• Nepali Madan Puraskar laureate Dinesh Adhikari’s book of poetry has been translated to Hindi
  • A three-volume Birinchi Kumar Barua Rachanawali was released in Guwahati
  • Wonderful news: the Dhaka Translation Centre plans the creation of a collection of translations titled the ‘Library of Bangladesh’
  • New publisher Speaking Tiger has its first three books out (all in English): Omair Ahmed’s novel, The Storyteller’s Tale, Mahesh Bhatt and Suhrita Sengupta’s novel/screenplay, All That Could Have Been, and a collection of essays by Ruskin Bond, A Book of Simple Living.
  • Punjabi poet Amarjit Chandan’s verses have been translated to Greek
  • Debut author Shweta Taneja talks about her upcoming book about ‘tantric detective’ Anantya. Conceptually, this sounds terrible. Hope it’s been executed well.
  • Television journalist Pooja Talwar talked about her upcoming novel “Bebbe Diaries” at the recent World Book Fair in New Delhi

COLUMNS, ARTICLES AND REVIEWS

Columns and Articles

  • Tisha Srivastav comments on the lack of variety in Indian publishing in a column for Scroll, titled, “A new dictionary of book classification in bookstores”
  • Mamta Sagar on the troubled genius of iconic Kannada writer Samsa
  • Asit Ranjan Mishra asks, How should we celebrate Indian classical languages? He concludes, “Forcing students to learn Sanskrit is not important for our future generation to appreciate the great heritage of this country, making it easily available in the language he or she wants to read it is.”
  • Anita Nair on three good Malayalam to English translations of Indian fiction last year.
  • Dr IM Singh on the folk stories of the Meiteis of Manipur.
  • Meera Sashital’s article on the Sanskrit poet, Banabhatta
  • Writer Nikhileshwar on Perumal Murugan, intolerance and politics.
  • Regional writers back Marathi writer Nemade on his tirade against Naipaul, Rushdie

Reviews

  • Sarah Hafeez reviews Mamang Dai’s The Black Hill in the Indian Express.
  • A new review of Uday Prakash’s The Walls of Delhi, as translated by Grunebaum, in the QC
  • Catherine Lacey reviews Deepti Kapoor’s A Bad Character in the NYT
  • Bollywood loves lyricist Irshad Kamil’s recently published book of Urdu poetry.

NEWS: AWARDS, PEOPLE, PUBLISHING, EVENTS

Awards

  • The Vinda Karandikar Jeevan Gaurav Puraskar will be conferred on well-known Marathi writer D M Mirasdar.

People

  • Kashmiri poet Gani Miskeen of Sopore passed away. He was 60.
  • A profile of Madurai’s A.R. Subbier, who wrote Tamil bakthi literature, by S Annamalai in The Hindu.
  • Via TOI a short interview with Goan writer Damodar Mauzo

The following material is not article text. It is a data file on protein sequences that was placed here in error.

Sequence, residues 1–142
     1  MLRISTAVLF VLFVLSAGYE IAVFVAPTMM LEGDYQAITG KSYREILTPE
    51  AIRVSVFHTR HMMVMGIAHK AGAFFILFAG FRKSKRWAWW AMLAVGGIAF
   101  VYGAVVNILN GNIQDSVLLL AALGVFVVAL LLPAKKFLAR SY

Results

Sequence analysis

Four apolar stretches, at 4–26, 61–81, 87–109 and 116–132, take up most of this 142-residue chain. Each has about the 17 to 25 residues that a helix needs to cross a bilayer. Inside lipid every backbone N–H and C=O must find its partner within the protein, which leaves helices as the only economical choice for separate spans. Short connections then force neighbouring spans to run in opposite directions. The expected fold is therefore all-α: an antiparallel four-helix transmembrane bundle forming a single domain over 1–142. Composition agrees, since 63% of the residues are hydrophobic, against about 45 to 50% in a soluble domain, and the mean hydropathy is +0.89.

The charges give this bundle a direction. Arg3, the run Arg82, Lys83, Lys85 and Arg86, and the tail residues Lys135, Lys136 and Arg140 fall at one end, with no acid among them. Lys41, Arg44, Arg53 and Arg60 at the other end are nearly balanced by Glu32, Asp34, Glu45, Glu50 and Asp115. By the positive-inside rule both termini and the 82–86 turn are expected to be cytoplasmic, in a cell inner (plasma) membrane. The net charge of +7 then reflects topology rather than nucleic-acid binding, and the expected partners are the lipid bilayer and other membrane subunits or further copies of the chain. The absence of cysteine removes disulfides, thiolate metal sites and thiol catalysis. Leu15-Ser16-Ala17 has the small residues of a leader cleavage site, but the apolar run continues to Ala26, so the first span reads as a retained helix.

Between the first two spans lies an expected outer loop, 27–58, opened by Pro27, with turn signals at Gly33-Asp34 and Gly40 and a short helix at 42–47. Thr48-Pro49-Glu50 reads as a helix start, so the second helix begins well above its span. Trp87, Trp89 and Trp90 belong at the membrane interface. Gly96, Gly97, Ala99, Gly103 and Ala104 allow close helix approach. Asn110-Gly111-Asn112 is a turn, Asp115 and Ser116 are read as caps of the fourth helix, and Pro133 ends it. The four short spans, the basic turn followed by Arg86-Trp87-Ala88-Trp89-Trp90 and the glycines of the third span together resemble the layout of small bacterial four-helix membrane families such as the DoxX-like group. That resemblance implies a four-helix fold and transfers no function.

• Renowned Urdu poet Kaleem Aajiz passed away
  • Telugu Novelist Kesava Reddy passed away

Publishing

  • Another Tamil writer under attack for novel. Meanwhile, Tamil writer Perumal Murugan, who has stopped writing completely since his novel was censored and burned, has filed an affidavit in court in a proceeding challenging the ban on his book. “A writer cannot function under threat or fear,” he said.
  • Kalyani Prasher asks, Is Hindi literature back in fashion? Another article speaks about the adoption of new technology in Hindi publishing.
  • A number of new generation libraries in Mumbai are offering more than just reading room to members
  • Binoo K John asks, How big is Indian publishing, really? and notes that a survey with the answers is forthcoming
  • Here’s an interview with Ashok Chopra on his career as a publisher:
  • TNN on the evolution of online publishing in India.
  • A news report on the future of government publishing in India.
  • The current BJP national government plans a probe into the activities of the IGNCA

Events

The Week in Literature and Translation [Jan 30-Feb 5, 2015]

NEW BOOKS, TRANSLATIONS AND WRITING

  • Navayana’s edition of Ambedkar’s Annihilation of Caste is now available in Malayalam, via DC books.
  • Granta’s last issue (130) was India-themed.
  • Amitav Ghosh will launch the third book in his Ibis trilogy, ‘Flood of Fire’, in Imphal on Feb 6
  • Indulekha is offering autographed copies of C Radhakrishnan’s books.
  • There’s a new Anis Shivani novel coming out, via HarperCollins, titled ‘Karachi Raj
  • Anjuman-E-Islam has restored, preserved a Persian translation of Ramayana, and Urdu translation of Bhagavad Gita. I’m particularly interested in the latter: apparently, the Gita has been preserved as a ghazal!
  • Subraya Bhat,has written a biography of Ahobala Shankara, the translator who rendered Bengali works into Kannada
  • Twitter celebrity and novelist Nilanjana Roy has published a short story, ‘Softspeakers’ online.
  • A children’s book ‘Uncommon Wealth’ by Konkani, Marathi writer Datta D Naik was released
  • Sunita Bhadwal has translated Kripa Sagar’s Dido Jamwal (1934), about a Dogra folk hero
  • An excerpt from Amita Kanekar’s A Spoke in the Wheel, on the life of the Buddha.
  • An excerpt from Anita Anand’s ‘Sophia’, about feminist and revolutionary Sophia Singh
  • Rushdie’s first novel in 7 years will be released this September
  • R K Biswas on her new collection of stories, Breasts and Other Afflictions of Women.
  • Matte Bantu Shravana is a new compilation of poems by young Kannada writers over the last three decades
  • An excerpt from Ruskin Bond’s Ranji’s Wonderful Bat & Other Stories
  • New content at the North East Review: Usha Akella’s poems.
  • Deepanjana Pal has a more detailed list of upcoming non-fiction books from Penguin, HarperCollins.

COLUMNS, ARTICLES AND REVIEWS

  • Iris Yellum, Ph.D. student at Harvard, offers us this narrative about Ajay Navaria’s narrative
  • Amisha Chaubey in HT on Ruth Prawer Jhabvala, her novels and her screenplays for Merchant-Ivory